Vodafone has condemned the USO as “hugely inefficient” and “obsolete”, particularly given the popularity of mobile phones and the ongoing rollout of the NBN (the telco has pointed to mobile black spot funding as an example of a program that can address the telecommunications needs of rural Australia).

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End Of May Update

05 Jun 2016

For the past fortnight Telstra continues to be quite busy, upgrading 140 sites and installing 12 more new sites. Telstra has begun its ramp up and I expect this to continue for the foreseeable future. Telstra continues to roll out 4G1800Mhz ahead of most 4G700Mhz deployments, I'm not entirely sure why Telstra gives preference to 4G1800Mhz over 4G700Mhz it seems strange, however its likely many of these sites have been active for some time and its only now Telstra is finally catching up on their reporting.

Optus has slowed their roll out, with 63 sites upgraded and 12 new sites. I have noticed that Optus is now proposing new sites in rural areas with 4G1800Mhz which will become available around mid next year, one example is here. 4G700Mhz continues to be the main focus however higher frequencies were also added to many sites also.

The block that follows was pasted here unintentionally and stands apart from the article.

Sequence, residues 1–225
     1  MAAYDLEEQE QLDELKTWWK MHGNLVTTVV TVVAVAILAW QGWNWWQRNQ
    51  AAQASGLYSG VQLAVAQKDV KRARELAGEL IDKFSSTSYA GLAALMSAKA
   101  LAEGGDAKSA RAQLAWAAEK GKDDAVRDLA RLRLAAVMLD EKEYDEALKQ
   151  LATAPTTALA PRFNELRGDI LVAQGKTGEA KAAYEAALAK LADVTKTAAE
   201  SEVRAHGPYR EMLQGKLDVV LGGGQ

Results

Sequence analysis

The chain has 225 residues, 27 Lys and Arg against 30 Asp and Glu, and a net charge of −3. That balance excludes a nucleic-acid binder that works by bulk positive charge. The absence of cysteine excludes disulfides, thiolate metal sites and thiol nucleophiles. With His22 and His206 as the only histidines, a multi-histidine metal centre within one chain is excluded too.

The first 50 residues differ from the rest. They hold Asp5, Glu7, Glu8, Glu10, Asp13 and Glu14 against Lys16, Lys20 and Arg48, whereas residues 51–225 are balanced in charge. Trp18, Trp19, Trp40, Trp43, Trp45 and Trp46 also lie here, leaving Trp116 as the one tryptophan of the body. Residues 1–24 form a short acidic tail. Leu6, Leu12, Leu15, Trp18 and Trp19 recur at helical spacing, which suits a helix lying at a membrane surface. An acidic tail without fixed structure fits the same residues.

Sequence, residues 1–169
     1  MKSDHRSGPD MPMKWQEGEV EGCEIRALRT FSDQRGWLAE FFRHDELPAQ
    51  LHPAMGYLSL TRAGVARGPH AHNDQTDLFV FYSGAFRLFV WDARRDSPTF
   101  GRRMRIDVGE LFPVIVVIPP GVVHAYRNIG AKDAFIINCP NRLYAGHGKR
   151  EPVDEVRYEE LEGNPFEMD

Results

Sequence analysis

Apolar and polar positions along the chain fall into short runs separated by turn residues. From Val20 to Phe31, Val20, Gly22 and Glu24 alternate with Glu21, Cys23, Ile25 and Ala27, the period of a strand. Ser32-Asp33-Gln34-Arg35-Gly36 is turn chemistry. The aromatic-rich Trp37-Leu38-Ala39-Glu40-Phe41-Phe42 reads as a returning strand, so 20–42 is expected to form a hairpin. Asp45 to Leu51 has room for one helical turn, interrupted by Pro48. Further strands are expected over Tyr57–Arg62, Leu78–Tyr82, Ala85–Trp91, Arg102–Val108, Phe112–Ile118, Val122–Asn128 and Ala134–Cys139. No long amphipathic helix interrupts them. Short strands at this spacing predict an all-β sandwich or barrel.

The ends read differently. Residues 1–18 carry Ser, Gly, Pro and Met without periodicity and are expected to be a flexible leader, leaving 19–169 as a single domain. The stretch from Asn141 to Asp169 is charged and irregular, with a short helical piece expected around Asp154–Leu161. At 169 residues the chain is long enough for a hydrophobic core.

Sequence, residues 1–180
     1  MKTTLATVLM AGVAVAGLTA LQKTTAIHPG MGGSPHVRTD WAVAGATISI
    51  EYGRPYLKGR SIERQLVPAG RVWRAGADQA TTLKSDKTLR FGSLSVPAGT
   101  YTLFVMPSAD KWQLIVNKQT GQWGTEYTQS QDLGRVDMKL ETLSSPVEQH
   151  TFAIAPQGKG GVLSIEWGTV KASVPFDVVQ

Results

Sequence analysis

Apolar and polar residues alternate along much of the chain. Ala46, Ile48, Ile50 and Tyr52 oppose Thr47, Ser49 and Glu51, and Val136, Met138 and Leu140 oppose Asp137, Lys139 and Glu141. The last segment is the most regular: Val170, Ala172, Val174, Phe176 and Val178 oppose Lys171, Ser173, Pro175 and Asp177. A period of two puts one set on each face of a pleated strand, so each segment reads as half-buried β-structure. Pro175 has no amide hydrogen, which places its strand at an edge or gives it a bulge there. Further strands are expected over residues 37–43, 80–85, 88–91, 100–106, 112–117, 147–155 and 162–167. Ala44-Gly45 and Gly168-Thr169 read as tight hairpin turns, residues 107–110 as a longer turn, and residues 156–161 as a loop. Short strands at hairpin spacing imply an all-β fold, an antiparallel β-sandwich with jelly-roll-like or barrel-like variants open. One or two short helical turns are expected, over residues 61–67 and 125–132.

Vodafone is now plodding along at the slowest pace of the 3, with 46 site upgrades and 7 new sites 4G850Mhz continues to be the focus with some 3G900Mhz, 3G2100Mhz and 4G1800Mhz thrown in the mix also. Vodafone announced earlier this week that they are building 32 new rural sites on top of the 70 sites they are building as part of the round one of the blacksopt program.

NBN activated 30 new sites as well as upgrading 8 sites adding 4G3500Mhz to existing 4G2300Mhz sites.

The low band 700mhz 4G gap between Optus and Telstra has reduced by 29 sites as Telstra ramps up its 4G700Mhz rollout. Optus is still ahead of Telstra in 4G700Mhz by 1249 sites.

Vodafone to splash $9m on 32 new regional mobile sites

01 Jun 2016

Investment on top of mobile blackspots program.